My second secret may seem bizarre. What I do is imagine I am speaking to someone, telling them what I am writing, and I guess what their questions are. In short, I talk to myself—or at least talk to an imaginary reader in my mind.
In traditional selling, this is called paying attention to the objections and answering them. It's true in Hypnotic Writing as well. You want to cover all the bases, answer all the questions, give all the details, so your reader is well equipped to make a decision.
Dan Kennedy's tip is to think of all the reasons someone can possibly not buy your item. Whatever they might say, address it in some convincing way. For example:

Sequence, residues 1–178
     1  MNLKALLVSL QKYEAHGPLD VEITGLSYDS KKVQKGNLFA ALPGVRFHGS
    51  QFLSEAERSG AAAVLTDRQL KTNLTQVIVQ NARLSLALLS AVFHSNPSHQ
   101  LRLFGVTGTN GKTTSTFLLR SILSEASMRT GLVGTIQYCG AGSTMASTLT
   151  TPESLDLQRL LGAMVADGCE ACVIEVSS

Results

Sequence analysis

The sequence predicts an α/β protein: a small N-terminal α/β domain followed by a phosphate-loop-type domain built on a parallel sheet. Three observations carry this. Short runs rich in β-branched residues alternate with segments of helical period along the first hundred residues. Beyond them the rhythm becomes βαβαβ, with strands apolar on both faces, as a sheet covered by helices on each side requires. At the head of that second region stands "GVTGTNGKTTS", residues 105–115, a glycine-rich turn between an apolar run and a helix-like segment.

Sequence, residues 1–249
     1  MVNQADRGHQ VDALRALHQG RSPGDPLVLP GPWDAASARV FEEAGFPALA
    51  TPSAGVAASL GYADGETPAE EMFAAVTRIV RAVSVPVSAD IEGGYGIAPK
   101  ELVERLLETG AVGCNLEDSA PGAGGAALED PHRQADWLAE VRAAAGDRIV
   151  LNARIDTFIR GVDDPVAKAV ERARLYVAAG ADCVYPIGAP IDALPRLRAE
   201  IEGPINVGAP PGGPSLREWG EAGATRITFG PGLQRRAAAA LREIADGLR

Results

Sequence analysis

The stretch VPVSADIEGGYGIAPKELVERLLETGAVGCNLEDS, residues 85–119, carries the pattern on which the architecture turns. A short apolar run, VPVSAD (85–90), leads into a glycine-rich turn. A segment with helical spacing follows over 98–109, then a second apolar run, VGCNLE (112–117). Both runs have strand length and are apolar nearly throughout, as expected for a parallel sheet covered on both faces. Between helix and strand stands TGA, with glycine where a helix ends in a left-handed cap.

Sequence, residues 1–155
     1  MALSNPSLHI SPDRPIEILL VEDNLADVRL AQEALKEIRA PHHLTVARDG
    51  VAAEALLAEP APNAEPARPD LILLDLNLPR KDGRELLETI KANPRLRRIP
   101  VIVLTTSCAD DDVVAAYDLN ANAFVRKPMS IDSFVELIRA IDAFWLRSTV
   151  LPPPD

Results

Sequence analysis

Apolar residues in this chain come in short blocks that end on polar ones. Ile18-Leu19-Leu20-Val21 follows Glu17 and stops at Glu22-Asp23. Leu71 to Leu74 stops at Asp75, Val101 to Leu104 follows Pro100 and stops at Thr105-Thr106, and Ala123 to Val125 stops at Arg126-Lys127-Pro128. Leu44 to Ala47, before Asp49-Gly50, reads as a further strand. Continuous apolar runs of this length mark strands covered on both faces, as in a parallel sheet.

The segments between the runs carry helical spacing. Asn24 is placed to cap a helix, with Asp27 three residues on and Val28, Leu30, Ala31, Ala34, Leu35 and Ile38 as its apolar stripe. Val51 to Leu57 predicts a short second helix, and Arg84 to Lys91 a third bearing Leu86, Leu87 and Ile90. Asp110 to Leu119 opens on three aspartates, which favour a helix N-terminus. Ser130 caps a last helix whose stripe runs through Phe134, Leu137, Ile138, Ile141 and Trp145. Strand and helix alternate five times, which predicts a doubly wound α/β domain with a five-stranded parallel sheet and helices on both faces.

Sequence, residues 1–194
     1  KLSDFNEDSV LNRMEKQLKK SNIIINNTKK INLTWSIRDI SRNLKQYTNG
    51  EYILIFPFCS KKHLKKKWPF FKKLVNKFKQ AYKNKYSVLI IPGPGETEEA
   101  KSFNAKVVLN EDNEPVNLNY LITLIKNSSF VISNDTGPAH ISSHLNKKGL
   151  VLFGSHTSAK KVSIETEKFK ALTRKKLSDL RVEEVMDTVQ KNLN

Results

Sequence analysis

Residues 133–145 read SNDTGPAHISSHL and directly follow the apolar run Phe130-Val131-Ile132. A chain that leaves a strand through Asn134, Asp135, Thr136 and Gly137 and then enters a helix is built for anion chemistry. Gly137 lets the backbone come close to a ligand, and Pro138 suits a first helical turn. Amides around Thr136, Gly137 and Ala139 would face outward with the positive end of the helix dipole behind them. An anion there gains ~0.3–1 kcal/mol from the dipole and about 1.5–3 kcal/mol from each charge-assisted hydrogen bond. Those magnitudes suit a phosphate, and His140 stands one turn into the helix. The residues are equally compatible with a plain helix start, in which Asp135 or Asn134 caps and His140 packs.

Not enough money? Offer a payment plan or send it with no payment required up front.
No need for the item? List the various ways your prospect might use it.
No belief in you? Offer testimonials, a guarantee, and anything else you can think of to prove your case.
I admit I'm doing a type of psychic mind reading act when I practice this second step, but I also confess that this is one of the biggest reasons my letters are so successful. I'm constantly rereading my letters, asking myself, "What is the reader asking here?" I then address it.
Far too much copy doesn't give enough information. I love buying stuff from catalogs and off the Internet. But when the catalog description doesn't answer all my questions, I don't buy. My friend Winston Marsh, Australia's famous marketing guru, says that when people are thinking about buying, they become information junkies. They want long copy. They want answers. My job is to anticipate their questions and answer them.
That's my second secret.
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